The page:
It’s a rather seedy way to cash in on the Obama sensation. Even the commercial is cheesier than the usual “Chi-Chi-Chi-Chia!” commercial. To be honest, if you happen to catch one during a late night comedy show, you would swear it had to be a satire advertisement (and not a very good one).
The official “Chia Obama” website, greets you with the banner “Hail to the Chi-chi-chi-Chief” and gives you the choice of ordering serious-looking “Determined Chia Obama” or the grinning “Happy Chia Obama.” Chia Obama grows its chia (reportedly the chia seeds are a very healthy herb, full of Omega-3) into a full-blown (but not blow-dried) ’Fro.
But wait! There’s more. Click on “take our online survey” and vote on what you’d like to see next in the Chia “Proud to be an American” series of Chia planters. Imagine Chia JFK, Chia Sitting Bull, Chia Mount Rushmore (sold as four separate Chia busts designed to be fitted together to make one giant Chia-mountain).
One can debate whether introducing this Chia Obma “Special Edition” is an honor, an offense or simply the one of the more bizarre entries into this little chia slice of “as seen on TV” pop culture. But it was evidently an idea that failed to grow on at least one segment of consumers. Originally sold at Walgreens Drug Stores, the product, introduced April 1, was removed from brick-and-mortar store shelves a week later when the company was bombarded with complaints that Chia Obama was not simply in bad taste but racially offensive. Of course, the product became immediately available on eBay and other places — at a much-inflated price.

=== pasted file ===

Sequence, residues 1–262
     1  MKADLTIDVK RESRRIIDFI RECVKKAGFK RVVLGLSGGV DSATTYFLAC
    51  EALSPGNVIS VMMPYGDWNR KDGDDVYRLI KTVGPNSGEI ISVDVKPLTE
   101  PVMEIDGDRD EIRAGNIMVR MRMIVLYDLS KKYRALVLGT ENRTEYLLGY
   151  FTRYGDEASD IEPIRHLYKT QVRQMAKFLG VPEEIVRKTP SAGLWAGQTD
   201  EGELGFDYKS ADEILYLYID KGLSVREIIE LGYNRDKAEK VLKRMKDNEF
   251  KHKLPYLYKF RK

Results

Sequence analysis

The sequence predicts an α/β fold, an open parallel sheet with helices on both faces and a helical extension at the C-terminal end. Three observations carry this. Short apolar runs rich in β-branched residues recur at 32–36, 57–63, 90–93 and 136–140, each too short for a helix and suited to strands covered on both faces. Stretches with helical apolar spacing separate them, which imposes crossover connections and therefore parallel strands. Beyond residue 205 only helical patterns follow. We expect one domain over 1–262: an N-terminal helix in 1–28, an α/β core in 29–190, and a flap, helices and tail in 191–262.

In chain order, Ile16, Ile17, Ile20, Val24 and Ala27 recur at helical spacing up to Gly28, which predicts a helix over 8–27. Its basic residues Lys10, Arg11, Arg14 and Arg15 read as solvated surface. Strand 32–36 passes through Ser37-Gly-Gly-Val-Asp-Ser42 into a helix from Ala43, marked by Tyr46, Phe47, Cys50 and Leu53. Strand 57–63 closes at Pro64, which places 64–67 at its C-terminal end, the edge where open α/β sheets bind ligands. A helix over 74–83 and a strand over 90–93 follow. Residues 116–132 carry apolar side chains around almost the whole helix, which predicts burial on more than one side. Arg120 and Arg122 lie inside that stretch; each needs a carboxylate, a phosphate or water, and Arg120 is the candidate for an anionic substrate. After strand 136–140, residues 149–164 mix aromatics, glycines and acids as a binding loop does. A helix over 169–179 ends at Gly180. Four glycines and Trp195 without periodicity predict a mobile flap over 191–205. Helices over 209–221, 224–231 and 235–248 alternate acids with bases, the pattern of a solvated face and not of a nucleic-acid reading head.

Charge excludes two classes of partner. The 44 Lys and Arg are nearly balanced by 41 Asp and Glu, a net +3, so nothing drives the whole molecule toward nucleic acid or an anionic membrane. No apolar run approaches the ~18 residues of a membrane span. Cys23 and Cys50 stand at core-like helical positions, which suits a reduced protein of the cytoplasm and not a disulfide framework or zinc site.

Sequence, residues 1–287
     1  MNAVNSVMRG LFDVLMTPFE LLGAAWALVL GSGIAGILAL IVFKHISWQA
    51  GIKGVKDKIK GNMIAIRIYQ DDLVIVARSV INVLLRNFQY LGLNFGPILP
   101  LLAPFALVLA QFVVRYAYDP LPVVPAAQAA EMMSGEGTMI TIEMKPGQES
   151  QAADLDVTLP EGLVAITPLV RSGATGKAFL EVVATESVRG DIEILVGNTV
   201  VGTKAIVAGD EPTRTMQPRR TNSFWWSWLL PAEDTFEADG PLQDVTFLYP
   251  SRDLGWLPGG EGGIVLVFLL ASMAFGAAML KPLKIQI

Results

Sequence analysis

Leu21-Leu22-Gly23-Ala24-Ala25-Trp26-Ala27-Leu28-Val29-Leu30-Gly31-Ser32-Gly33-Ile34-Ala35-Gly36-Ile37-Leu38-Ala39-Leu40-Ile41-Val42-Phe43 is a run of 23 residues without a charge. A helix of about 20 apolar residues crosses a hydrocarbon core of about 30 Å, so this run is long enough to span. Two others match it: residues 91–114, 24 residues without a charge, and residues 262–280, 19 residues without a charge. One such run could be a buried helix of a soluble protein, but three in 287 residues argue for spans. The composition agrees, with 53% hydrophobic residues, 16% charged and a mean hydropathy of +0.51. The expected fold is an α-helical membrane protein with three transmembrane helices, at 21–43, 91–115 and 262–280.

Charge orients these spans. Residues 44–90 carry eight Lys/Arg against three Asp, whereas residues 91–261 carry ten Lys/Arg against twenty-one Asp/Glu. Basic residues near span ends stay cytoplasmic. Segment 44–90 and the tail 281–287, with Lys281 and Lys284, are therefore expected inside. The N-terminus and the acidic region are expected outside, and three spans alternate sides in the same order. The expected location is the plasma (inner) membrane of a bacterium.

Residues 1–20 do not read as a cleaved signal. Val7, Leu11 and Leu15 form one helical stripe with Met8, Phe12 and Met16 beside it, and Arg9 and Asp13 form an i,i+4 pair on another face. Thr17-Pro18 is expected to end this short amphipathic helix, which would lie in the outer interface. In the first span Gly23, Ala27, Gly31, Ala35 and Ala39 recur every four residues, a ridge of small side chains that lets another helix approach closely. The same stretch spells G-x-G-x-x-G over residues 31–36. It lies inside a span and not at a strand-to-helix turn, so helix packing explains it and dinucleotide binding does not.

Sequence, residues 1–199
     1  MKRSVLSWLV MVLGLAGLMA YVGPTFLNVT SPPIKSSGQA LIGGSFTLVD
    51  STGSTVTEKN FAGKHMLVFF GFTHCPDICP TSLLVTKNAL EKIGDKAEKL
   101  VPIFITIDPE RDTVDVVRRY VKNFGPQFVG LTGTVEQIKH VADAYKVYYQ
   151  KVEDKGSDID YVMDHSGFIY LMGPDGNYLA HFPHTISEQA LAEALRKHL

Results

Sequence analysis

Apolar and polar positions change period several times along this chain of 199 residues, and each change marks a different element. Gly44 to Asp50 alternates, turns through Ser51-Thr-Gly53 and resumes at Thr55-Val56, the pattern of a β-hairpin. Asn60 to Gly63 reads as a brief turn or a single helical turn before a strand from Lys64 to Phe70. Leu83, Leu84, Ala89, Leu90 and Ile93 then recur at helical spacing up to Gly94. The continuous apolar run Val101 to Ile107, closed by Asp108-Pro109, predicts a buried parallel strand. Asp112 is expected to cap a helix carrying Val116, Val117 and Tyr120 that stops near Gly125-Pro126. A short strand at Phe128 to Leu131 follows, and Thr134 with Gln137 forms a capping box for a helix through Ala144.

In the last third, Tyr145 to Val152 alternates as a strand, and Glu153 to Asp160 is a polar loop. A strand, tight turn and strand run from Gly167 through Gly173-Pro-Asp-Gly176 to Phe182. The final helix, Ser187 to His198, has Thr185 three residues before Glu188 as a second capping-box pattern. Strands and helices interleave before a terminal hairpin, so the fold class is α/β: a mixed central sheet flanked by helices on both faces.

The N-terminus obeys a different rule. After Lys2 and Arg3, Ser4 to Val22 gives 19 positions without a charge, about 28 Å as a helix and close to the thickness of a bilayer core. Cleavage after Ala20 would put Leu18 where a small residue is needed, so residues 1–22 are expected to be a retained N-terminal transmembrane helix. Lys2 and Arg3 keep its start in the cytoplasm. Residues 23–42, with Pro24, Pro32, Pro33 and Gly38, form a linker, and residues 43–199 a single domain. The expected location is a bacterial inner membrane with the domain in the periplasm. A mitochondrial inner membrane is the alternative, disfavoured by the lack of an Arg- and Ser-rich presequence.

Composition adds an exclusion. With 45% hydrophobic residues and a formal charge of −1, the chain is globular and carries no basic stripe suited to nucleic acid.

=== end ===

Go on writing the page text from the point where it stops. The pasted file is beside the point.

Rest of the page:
Bad taste? Perhaps. But so are dozens of other equally-annoying “commemoratives.” Offensive? Maybe. Racist? Unlikely. Joseph Pedott, Chicago native and founder of the San Francisco-based Joseph Enterprises, who manufactures all Chia products (and lots of those other “seen on TV” offers like “The Clapper”), says the Obama Chia was meant to show pride in the 44th president.